We all have ideas about the “ideal” meaning of a word, and it is subjective, but the subjectivity of words can and should be relatively limited. Some fluctuation in definition is inevitable and even necessary for communication, but just because definitions change in SPECIFIC representation doesn’t mean the understanding of those words should.

If we didn’t all agree to a “standard” of speaking and writing, known as a “language”, it would be extremely difficult to communicate many ideas. Hence, some conformity to a standard is necessary. But what defines this standard?

Hundreds of years ago, Shakespeare wrote in English that is still mostly interpretable today even with the obsolescence of some words and cultural concepts. English didn’t change drastically over hundreds of years because people accepted words as referring to GENERAL ideas even if they disagreed on the semantics. In other words, it was a just an acceptance.

Then something horrible happened: The dictionary was invented.

6. Legality and the Curse of the Dictionary

A dictionary is meant to help people understand the meaning of a word by appealing to words they already know. However, like I discussed in the beginning of this article, the definition of words is like putting a box within an identical copy of itself. For example, the word “being” means “exist”, but “exist” means “being”. (Try looking them up.) The only escape is to appeal to some real experience, some real manifestation of the idea associated with the word.

However, in legal settings, the definition of words has become supreme to the idea. This happened because lawyers want to win cases and are willing to sacrifice or compromise truth in order to do so. Hence, they are willing to fudge facts, details, and terminology by rhetoric even though what they are arguing is wrong. They quibble over semantics and question the definitions of words so they can find the wiggle room necessary to argue their case. To combat this, legal experts find it necessary to rigorously define words. The problem is that – without a moral standard – there are only two standards to work with: precedence in established by previous court cases and the definitions of other words, which are themselves questionable.

Because words are used in communication, they have an enormous amount of power. If you can control the meanings of words, then you can control the ideas associated with those words and even reassociate words with new meanings. Such power isn’t easily obtainable when words are associated with general ideas. However, in any society where words are defined by other words or by cultural/cult pressure, the societal and legal definitions of words can be changed – resulting in public consequences – even though the subconscious understanding of each of these words is still associated with the original ideas people have experienced.

If such pollution of language is not prevented, a number of problems arise. First is that communication is no longer effective. You won’t be certain of how your audience will understand what you are saying. Words will lose the underlying ideas associated with them and become meaningless generalities such that it is no longer useful to even use them. Secondly, it will be increasingly difficult to look back at historic documents because the ideas associated with the words of those documents are no longer understood in the current era. Thirdly, people will be easily manipulated, abused, and unable to defend themselves because those with influence over the interpretation of words will be able to interpret their own arguments as favorable and associate their opponent’s arguments with negative emotional connotations.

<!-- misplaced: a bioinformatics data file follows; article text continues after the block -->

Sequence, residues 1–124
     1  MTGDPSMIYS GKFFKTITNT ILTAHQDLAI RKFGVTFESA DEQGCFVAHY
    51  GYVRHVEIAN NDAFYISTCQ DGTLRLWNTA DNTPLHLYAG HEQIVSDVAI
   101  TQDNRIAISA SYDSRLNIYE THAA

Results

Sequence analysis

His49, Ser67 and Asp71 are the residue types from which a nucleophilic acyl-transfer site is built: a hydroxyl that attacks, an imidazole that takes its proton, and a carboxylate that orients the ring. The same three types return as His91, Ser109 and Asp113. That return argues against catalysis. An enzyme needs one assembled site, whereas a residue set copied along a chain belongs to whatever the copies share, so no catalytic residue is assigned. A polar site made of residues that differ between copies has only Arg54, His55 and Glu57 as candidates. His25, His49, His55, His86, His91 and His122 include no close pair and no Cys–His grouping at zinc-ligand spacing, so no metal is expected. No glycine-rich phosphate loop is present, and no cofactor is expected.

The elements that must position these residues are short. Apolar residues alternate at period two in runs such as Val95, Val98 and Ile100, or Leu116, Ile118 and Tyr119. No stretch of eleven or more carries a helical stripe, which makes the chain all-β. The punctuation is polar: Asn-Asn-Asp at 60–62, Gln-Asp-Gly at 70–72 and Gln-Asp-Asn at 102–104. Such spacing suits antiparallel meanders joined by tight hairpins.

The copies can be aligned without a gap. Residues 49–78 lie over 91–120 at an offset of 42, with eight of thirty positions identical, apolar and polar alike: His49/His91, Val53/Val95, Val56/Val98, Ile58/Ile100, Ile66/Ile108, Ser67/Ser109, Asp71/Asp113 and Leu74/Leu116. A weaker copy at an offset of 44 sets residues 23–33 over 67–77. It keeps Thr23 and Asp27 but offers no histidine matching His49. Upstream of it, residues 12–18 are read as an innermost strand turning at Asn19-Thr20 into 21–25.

Hence, it is critically important that words not be redefined and interpreted as one likes. In fact, with so much communication, humans should be more capable of restricting the definitions of words to actual things rather than letting words evolve with society and culture.

One partial solution is the implementation of encyclopedias because encyclopedias include imagery and can offer more of a direct relation to real experience. Unfortunately, encyclopedias – like any tangible standard – can be controlled and manipulated by people trying to set a particular definition of words.


There is no solution to the problem of communication. However, for the extremely important sake of preventing abuse, it is necessary to define words by common, real experiences – things that can be TANGIBLY REPRESENTED OR DEMONSTRATED!!!! To demonstrate “running”, a person need only to run. To demonstrate “comfort”, a person could climb into a pile of soft blankets and pillows in the winter and describe it as the feeling. For a more rigorous definition, it could be defined as by a brain state of low agitation, but this is harder for people to relate to.

Philosophy, language, law, politics, family life, science and research and all parts of society and culture will continue to suffer from the ambiguity of words. Therefore, it is necessary to appeal to the standard of the traditionally associated ideas and reject all new and liberal usages of words. Admittedly, this means that certain growth in cultural will be limited, but it’s like trimming a bush to make sure it grows in a healthy way rather than a wild, unhealthy way. We sacrifice the freedom for health, and for language, we must sacrifice freedom of usage for a healthy society and culture. In regards to the concern for the language being strangled: limiting the definition of current words does not at all limit the expansion of the language itself; new words can be added and incorporated, and it is healthy for this to happen.

Even though ultimately, language is subjective. I’m quite happy that you and I can communicate. Communication is critically important for the health of all of us.